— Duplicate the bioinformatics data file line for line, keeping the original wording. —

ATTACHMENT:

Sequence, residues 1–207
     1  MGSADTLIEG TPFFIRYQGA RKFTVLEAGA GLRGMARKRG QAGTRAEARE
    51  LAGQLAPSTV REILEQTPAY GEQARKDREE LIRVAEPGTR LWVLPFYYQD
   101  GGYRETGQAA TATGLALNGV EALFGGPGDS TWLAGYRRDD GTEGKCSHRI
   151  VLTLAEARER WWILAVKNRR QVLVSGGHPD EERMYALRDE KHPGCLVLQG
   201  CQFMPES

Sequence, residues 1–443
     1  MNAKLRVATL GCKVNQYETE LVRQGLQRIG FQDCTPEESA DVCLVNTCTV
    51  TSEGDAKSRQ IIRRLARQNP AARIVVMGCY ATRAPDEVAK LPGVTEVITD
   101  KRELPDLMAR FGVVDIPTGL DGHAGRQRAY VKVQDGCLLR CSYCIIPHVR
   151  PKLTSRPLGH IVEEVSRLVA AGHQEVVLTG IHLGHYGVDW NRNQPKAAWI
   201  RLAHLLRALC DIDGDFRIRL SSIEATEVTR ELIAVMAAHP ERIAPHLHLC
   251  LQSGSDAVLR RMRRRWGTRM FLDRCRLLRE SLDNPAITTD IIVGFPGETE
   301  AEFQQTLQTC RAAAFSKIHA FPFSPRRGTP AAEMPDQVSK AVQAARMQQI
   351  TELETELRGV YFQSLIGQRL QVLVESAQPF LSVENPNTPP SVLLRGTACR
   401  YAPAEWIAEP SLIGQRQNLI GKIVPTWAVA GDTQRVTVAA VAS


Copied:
Sequence, residues 1–207
     1  MGSADTLIEG TPFFIRYQGA RKFTVLEAGA GLRGMARKRG QAGTRAEARE
    51  LAGQLAPSTV REILEQTPAY GEQARKDREE LIRVAEPGTR LWVLPFYYQD
   101  GGYRETGQAA TATGLALNGV EALFGGPGDS TWLAGYRRDD GTEGKCSHRI
   151  VLTLAEARER WWILAVKNRR QVLVSGGHPD EERMYALRDE KHPGCLVLQG
   201  CQFMPES

Sequence, residues 1–443
     1  MNAKLRVATL GCKVNQYETE LVRQGLQRIG FQDCTPEESA DVCLVNTCTV
    51  TSEGDAKSRQ IIRRLARQNP AARIVVMGCY ATRAPDEVAK LPGVTEVITD
   101  KRELPDLMAR FGVVDIPTGL DGHAGRQRAY VKVQDGCLLR CSYCIIPHVR
   151  PKLTSRPLGH IVEEVSRLVA AGHQEVVLTG IHLGHYGVDW NRNQPKAAWI
   201  RLAHLLRALC DIDGDFRIRL SSIEATEVTR ELIAVMAAHP ERIAPHLHLC
   251  LQSGSDAVLR RMRRRWGTRM FLDRCRLLRE SLDNPAITTD IIVGFPGETE
   301  AEFQQTLQTC RAAAFSKIHA FPFSPRRGTP AAEMPDQVSK AVQAARMQQI
   351  TELETELRGV YFQSLIGQRL QVLVESAQPF LSVENPNTPP SVLLRGTACR
   401  YAPAEWIAEP SLIGQRQNLI GKIVPTWAVA GDTQRVTVAA VAS